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This post is a continuation of a series of blog posts I've created to share a special birthday cruise we took on the Danube from Budapest to Bucharest.
 
Tito's tomb, Belgrade, Serbia
 
Our Danube cruise was in 2009, but it's taking much more time to tell you about it than it took to plan it.  Oh well.  Again, it's been fun for me to go back and look at our photos, do some reading and decide what to share.  I know many have enjoyed these posts and since I'm more than halfway to Bucharest let's check in on Belgrade, Serbia again before heading downstream.
 
One of the more fascinating stops in Belgrade was Josep Broz Tito's tomb and museum site where state gifts and other artifacts are on display.
 
 
Tito bronze statue, Belgrade, Serbia
 
Tito was the President of Yugoslavia from 1953 until his death in 1980.  Although he was considered authoritarian, a dictator, he was beloved by most of Yugoslavians due to his reforms and successful economic policies.  He was popular around the world and managed to stay unaligned and independent through the cold wars.  After the breakup of Yugoslavia it seems that one of his greatest strengths was his liberal policy on religion which kept the ancient differences Orthodox and Muslim religions from being intolerant to point of war.  One can get a synopsis of his accomplishments and life on Wikipedia.
 
This museum complex is very much like the U.S. Presidential libraries and museums that are built after one of our presidents retires.  For example Tito's office with elaborately carved desk is on display. 
 
 
Tito's Museum, Belgrade, Serbia
 
 
The following two photos are of wood furniture inlaid with mother of pearl.  They were a gift from some country, but unfortunately the labels did not include English.  They speak for themselves though, don't they?
 
Tito's Museum, Belgrade, Serbia
Furniture, Tito's Museum, Belgrade, Serbia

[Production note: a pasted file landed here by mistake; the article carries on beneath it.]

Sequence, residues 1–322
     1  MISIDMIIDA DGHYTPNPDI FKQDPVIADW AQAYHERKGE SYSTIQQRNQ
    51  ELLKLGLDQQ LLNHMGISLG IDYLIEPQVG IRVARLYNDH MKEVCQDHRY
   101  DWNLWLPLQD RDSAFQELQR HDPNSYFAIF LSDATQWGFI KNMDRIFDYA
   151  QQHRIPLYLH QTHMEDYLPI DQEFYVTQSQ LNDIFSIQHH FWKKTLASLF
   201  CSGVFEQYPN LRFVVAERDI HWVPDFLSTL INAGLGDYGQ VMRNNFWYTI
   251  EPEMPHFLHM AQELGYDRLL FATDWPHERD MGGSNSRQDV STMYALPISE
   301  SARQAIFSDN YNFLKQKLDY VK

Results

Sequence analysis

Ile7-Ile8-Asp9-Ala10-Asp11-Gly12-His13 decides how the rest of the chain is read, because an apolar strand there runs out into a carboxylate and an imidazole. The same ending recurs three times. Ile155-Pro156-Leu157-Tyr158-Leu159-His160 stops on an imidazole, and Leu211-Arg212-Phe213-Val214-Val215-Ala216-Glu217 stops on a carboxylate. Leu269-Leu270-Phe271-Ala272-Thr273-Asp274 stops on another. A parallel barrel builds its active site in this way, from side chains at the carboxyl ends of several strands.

In grade school we had to memorize the leaders of the world.  Tito and Hirohito were two of my favorites, because I never forgot them.
 
Although at first glance you might think that Tito was very fond of beer or at least collecting taps, these are actually running relay batons.  22,000 of them.  From 1945 to 1987 relays were organized across the country on Tito's birthday.  They usually began in Tito's hometown in Croatia and culminated in Belgrade.  Ceremonial batons would be given to Tito as gifts.  By 1950 there were over 1 million runners involved!  It became known as the Relay of Youth.
 
Relay Race Batons, Tito Museum, Belgrade, Serbia
 
Relay Race batons, Tito Museum, Belgrade, Serbia
Relay Race batons, Tito's Museum, Belgrade, Serbia
 

Silver Baton, Tito's Museum, Belgrade, Serbia

I love the filigree and embossing work on this silver baton.

Relay Race batons, Tito's Museum, Belgrade, Serbia

Yes, I do see now how they could be seen as phallic.

 
Photos of Relay Race - Tito's Museum
 
 
There many many gifts from foreign dignitaries displayed.   I could've spent a lot more time admiring the artwork and collections.
 
I'll have one last post on Serbia with some architectural type of photos before our next stop in Bulgaria.
 
Thank you for your patience and hope you enjoy the rest of the trip!
 

Comments

This is a part of the world

This is a part of the world that is top of my bucket list .... can't wait to plan a trip!

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